# Can one estimate the distribution of eigenvalues of a matrix by its Cauchy/Stieltje transform?

Given a real symmetric $n$ dimensional matrix $A$, with eigenvalues $\lambda_i$ I am defining its Cauchy transform as the function, $f_A(z) = \sum_i \frac{1}{z-\lambda_i}\,$

• Is there any information about the $\lambda_i (A)$s that can be inferred from $f_A(z)$?

For example I would want an analysis of the following kind :

Say one can estimate the value of $z (A,\epsilon) \gt \max \{ \lambda_i \}$ such that for all $z \geq z (A,\epsilon)$, $f_A(z) \leq \epsilon$. Now suppose one is given a vector $v$ of the same dimension as $A$.

• Is there any connection between $\max \{\lambda(A + vv^T) \} - \max\{ \lambda(A) \}$ and $z(A + vv^T,\epsilon) - z(A,\epsilon)$? (at least for any restricted class of $A$ and $v$?)

Here I picked on $z(A,\epsilon)$ as an example of a property of the Cauchy transform which I feel might be sensitive to how the maximum eigenvalue of $A$ changes under rank-$1$ updates to $A$. But may be this $z(A,\epsilon)$ is not the right quantity - but there is may be some other property of the Cauchy transform which knows about, $\max \{\lambda(A + vv^T) \} - \max\{ \lambda(A) \}$ ?

If necessary assume that $v = (e_i \pm e_j)$ for some $j > n/2$ and $i<= n/2$.

If necessary assume that $A$ is constructed as follows : First take the matrix $D - Ad$ where $D$ is the diagonal matrix of degrees of some bi-partite graph and $Ad$ is its adjacency matrix. Then flip some of the off-diagonal $-1$ entries of $D-A$ to $1$ keeping the entire thing symmetric.

Some possibly related things I saw while searching,

Since $A$ is $n\times n$ a hermitian matrix, and thus all the eigenvalues are real, it might be of use to think of $A$ (for $n$ sufficiently large) inducing a probability measure $\mu_A(d\lambda)$. In this sense (and with some more technical poking) we can approximate the Cauchy transform in the original post with the function $$F_A(z) = \int_\mathbb{R} \frac{1}{z - \lambda}\mu_A(d\lambda)$$ This is simply the Stieltjes transform of the measure $\mu_A(d\lambda)$, and you can use the Stieltjes-Perron inversion formula to get $\mu_A$ back.

This is very useful since $F_A$ is analytic on the upper half-plane and goes to zero as $|z| \rightarrow \infty$. We also have the bound $|F_A| \le \frac{\Im{F_A}}{\Im{z}}$. There are a bunch of other results floating around on functions like this, but i have yet to find a comprehensive list.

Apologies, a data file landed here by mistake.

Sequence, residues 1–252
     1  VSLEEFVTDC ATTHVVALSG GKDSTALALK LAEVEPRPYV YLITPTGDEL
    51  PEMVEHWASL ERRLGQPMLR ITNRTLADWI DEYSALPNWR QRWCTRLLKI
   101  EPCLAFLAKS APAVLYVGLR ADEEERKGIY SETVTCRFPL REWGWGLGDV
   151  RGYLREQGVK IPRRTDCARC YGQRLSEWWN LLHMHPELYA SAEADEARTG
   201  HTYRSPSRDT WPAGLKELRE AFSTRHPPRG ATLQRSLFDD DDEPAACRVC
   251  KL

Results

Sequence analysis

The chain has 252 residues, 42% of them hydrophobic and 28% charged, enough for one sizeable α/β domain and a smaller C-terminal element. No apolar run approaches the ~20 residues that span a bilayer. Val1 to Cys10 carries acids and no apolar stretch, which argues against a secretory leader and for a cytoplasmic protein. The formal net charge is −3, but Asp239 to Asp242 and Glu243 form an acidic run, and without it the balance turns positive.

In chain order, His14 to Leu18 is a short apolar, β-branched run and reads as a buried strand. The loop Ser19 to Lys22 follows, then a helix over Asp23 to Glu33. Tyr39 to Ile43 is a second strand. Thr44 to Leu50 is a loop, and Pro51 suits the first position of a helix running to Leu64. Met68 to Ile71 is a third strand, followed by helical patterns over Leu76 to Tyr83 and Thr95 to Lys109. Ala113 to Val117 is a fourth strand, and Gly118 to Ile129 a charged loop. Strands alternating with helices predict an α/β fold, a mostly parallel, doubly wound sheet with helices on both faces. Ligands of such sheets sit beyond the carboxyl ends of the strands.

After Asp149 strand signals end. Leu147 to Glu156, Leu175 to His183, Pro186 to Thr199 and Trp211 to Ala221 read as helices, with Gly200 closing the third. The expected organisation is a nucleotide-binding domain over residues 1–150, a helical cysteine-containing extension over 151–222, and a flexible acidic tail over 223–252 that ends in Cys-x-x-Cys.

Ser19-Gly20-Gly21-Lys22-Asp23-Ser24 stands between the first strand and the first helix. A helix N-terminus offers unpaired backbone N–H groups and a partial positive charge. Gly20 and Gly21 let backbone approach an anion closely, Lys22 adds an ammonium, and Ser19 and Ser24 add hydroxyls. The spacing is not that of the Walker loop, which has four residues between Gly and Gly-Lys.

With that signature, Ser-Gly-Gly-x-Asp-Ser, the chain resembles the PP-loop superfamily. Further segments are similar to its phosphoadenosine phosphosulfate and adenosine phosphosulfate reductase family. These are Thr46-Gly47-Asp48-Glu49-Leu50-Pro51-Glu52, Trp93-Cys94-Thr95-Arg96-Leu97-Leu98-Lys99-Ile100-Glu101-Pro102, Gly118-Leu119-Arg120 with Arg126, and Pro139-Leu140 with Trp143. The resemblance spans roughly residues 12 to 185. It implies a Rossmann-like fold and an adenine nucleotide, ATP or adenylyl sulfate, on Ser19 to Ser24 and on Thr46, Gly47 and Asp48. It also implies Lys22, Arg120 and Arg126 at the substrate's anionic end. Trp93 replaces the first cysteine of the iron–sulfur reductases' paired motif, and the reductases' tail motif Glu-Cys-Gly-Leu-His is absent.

• Thanks! What in that Mirollo link you think corresponds to my question? Jun 1 '15 at 3:07
• It handles some of the convergence issues. Jun 1 '15 at 4:48

Your family $(\lambda_i)_{i\in I}$ must reflect all the eigenvalues with their multiplicities, this means, for each $\lambda$ in the spectrum of $A$, the number of times it is repeated in the family $$n(\lambda)=card(\{i\in I|\lambda_i=\lambda\})$$ must be its multiplicity (i.e. the multiplicity of $\lambda$ as root of the polynomial $det(\lambda I-A)$)

Then $$f_A(z)=tr[(zI-A)^{-1}]$$ (this embraces the case when $k\not=\mathbb{C}$)

and you can recover the spectrum (and its multiplicities) from $f_A$ (which is rational) by decomposing it in partial fractions, precisely $$parfrac(f_A,z,\lambda)=\frac{n(\lambda)}{z-\lambda}$$ Hope it helps.

• Can you clarify what you mean by "family reflect all the eigenvalues with multiplicities". What I want to estimate is the difference between the largest eigenvalues before and after the rank-1 update as explained. Does the Cauchy transform or some variant of it help see that? Jun 4 '15 at 23:41
• Yes, when one one states "with eigenvalues $\lambda_i$" one means that the family $(\lambda_i)_{_\in I}$ is without multiplicities and sometimes, repeated as much as the multiplicity is. For example, with the diagonal matrix $(2,2,1)$, in the first case, the family can be $(1,2)$ and $(2,1,2)$ in the second. I clarify it in the text. Jun 5 '15 at 3:27
• I suppose your maximum $\max \{\lambda(A + vv^T) \}$ can be taken over some vectors of a certain kind (maybe not only $\pm$ basic vectors) ? Jun 5 '15 at 3:51
• Well - my A and v are restricted to the kinds that I mentioned in the post. The "max" is the maximum eigenvalue of this matrix. Lets say I am given a $A$ and a $v$ of the types mentioned. Then I want to say something about how much the max eigenvalue of $A + vv^T$ is ahead if the max eigenvalue of $A$ Jun 6 '15 at 18:54
• @Anirbit Thank you for the explanation. If I have idea(s) that can help, I'll extend my answer. Jun 7 '15 at 8:14